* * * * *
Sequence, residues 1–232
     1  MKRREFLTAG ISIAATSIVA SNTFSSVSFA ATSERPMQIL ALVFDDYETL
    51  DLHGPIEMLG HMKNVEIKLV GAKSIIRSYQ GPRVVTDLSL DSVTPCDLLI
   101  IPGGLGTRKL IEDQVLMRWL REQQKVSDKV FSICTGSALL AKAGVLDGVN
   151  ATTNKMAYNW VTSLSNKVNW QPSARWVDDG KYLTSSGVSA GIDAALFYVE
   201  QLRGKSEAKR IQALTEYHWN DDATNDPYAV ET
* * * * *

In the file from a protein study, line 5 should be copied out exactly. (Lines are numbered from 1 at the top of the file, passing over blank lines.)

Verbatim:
   151  ATTNKMAYNW VTSLSNKVNW QPSARWVDDG KYLTSSGVSA GIDAALFYVE